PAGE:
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When Free Speech Hurts

STARS AND BARS AT LEVERETT:

NO WRITER ATTRIBUTED

THE hanging of a Confederate flag in the window of the Leverett Towers constitutes a legitimate--and insensitive--exercise of free speech. Accordingly, the Harvard community has a dual responsibility: first, to affirm the right of the student to display the flag and second, to register enough thoughtful disapproval to persuade the person to remove it.

Such action would be consistent with the sentiment of Harvard Faculty members, who recently affirmed the University's commitment to the First Amendment. Displaying a flag is symbolic speech that should not be forcibly silenced. For the University to squash all expression deemed repugnant by certain groups would be to admit that might makes right--the most repugnant conclusion of all.

Restricting the display of the flag would also set a dangerous precedent. Although the Supreme Court has held that "fighting words" are not protected by the Consitution, the flag cannot be considered clear and deliberate provocation. If it were, the University would enter a vast grey area in which it could assume disproportionate power over students' daily lives.

If the University banned the Confederate flag simply because it offends, it will ensure itself impossible decisions in the future. Should Soviet, Chinese, Israeli or Panamanian flags also be forcibly removed because the flags symbolize oppression for some groups?

THE present situation introduces the discrepancy between intention and consequence. For unlike the screamer of racial epithets, the flyer of the flag says he does not intend to offend people.

Whether some members of the University like it or not, the Stars and Bars are part of the state flag of Georgia and are a symbol of regional pride. As such, it is not a preposterous wall decoration for an enthusiastic Southerner.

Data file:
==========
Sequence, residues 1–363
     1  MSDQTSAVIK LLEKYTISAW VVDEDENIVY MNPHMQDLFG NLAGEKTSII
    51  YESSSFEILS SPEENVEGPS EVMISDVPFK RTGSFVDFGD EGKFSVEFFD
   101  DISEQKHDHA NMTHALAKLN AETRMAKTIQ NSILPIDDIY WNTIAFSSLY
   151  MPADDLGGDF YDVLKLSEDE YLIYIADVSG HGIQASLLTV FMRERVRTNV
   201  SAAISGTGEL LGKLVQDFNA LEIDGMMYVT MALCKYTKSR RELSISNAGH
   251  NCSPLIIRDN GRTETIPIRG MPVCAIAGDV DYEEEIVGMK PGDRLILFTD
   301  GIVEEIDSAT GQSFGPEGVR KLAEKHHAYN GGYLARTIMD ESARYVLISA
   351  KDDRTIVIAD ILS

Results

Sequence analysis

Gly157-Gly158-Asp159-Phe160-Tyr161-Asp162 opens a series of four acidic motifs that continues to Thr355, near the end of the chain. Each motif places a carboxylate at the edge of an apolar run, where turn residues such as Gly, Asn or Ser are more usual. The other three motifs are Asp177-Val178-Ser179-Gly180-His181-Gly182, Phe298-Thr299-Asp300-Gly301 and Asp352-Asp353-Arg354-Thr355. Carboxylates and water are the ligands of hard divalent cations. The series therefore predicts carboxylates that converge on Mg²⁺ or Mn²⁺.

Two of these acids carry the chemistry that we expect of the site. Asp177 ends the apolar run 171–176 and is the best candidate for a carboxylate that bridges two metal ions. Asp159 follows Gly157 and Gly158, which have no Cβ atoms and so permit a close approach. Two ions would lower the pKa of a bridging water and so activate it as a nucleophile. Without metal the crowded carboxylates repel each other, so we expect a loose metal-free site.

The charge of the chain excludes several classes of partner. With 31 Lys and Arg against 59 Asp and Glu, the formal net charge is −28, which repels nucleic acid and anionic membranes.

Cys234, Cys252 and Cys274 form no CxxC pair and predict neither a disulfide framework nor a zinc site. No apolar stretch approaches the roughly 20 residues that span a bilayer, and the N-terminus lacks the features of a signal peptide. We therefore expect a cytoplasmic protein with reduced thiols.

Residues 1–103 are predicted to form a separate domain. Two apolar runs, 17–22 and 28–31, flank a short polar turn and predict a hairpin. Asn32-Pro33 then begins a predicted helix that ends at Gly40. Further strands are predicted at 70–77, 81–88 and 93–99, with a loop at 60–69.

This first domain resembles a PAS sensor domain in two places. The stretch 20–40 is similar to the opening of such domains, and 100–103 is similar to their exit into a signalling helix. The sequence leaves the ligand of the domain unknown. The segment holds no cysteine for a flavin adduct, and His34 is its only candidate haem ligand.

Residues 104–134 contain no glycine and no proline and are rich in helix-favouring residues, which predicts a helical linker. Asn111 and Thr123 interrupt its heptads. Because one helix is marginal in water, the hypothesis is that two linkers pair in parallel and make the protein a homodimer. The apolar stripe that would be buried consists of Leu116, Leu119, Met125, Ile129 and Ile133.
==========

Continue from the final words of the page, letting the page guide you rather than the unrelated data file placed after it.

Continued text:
Unfortunately, the flag is also the emblem of the Confederacy, whose member states seceded from the Union in order to preserve preserve a way of life that included the enslavement of Blacks. Historically, and even today, the Stars and Bars symbolize a certain nostalgia for the racially stratified Old South and its reprehensible practices.

Even if the displayer does not hold this attitude, he must certainly realize that his flag represents vicious race-hatred and dehumanization for many other students, both Black and white. To many in the Harvard community, the Confederate flag is provocative and insulting. Whether the student displaying the flag is oblivious to the pain it causes or just does not care, he should remove the flag from the window immediately.

IF THE community can explain its objection to the displayer of the rebel flag, he might be persuaded to move it from a picture window to an inside wall. This solution would allow the student to fulfill his original purpose of regional representation while sparing others the undesirable overtones of bigotry.

Voluntary removal of the flag, not administrative coercion, is the optimal resolution of the current controversy. The Harvard community can encourage this outcome by letting the flag's owner know that even the suggestion of racism will not be tolerated on campus.

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